When war broke out, John Fiegen was already 43
years old, and living with his wife and children in
a farmhouse on Illinois Road in what was to
become the Village of Gross Point (now west
Wilmette). He joined Mulligan’s 23rd Illinois
Infantry in Chicago on March 2, 1862, along with
neighbor Mathias Selzer. Fiegen was captured in
the same battle that claimed the life of James
Mulligan, and sent to the notorious Confederate
prison at Andersonville, Ga. He died there on
August 20, 1864.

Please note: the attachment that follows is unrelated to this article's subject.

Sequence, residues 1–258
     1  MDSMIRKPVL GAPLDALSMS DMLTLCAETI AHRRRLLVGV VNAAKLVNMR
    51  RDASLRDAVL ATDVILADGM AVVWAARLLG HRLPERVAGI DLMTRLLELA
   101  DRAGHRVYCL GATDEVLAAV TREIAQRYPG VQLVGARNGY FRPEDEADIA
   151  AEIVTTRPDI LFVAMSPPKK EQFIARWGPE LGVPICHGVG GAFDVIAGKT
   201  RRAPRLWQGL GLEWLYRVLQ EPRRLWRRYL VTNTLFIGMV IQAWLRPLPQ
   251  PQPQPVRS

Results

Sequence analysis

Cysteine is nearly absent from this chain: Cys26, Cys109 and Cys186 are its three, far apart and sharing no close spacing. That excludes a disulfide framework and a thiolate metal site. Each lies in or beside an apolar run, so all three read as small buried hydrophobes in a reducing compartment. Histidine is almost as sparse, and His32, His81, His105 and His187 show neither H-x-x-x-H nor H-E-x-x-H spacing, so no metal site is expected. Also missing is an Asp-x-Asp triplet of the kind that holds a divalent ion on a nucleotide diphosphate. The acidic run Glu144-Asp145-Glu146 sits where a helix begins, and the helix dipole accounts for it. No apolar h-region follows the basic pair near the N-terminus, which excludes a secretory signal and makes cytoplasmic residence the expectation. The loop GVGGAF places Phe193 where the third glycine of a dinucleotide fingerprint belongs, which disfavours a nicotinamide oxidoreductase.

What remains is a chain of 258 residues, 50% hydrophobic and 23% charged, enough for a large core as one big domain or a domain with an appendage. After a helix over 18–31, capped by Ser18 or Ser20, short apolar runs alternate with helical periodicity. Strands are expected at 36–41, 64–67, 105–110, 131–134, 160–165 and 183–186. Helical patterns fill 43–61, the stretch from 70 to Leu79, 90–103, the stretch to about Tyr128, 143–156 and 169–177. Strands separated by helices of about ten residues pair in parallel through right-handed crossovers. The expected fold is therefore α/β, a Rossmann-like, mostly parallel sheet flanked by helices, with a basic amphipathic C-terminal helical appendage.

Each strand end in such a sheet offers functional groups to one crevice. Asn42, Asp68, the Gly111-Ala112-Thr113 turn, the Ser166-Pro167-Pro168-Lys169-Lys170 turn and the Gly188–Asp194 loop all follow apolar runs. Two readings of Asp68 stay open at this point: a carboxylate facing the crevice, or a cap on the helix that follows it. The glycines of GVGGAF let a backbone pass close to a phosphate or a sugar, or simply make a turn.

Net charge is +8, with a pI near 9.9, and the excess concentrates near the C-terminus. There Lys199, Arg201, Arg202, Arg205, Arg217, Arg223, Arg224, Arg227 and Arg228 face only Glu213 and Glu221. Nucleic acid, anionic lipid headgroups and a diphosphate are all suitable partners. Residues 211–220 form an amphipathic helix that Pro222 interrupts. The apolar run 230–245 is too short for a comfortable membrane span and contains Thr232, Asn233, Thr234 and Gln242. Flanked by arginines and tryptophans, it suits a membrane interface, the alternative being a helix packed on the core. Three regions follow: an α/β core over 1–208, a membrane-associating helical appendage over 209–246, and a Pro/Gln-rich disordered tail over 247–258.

The tintype shown here was treasured by his
widow – the Wilmette Historical Museum has a photo of
her holding it – and passed down in the Fiegen
family for generations. Some of John Fiegen's
descendants still live in Wilmette today.
Narrative and photograph courtesy of the staff of the Wilmette Historical Museum.
Two from village served in the Civil War Details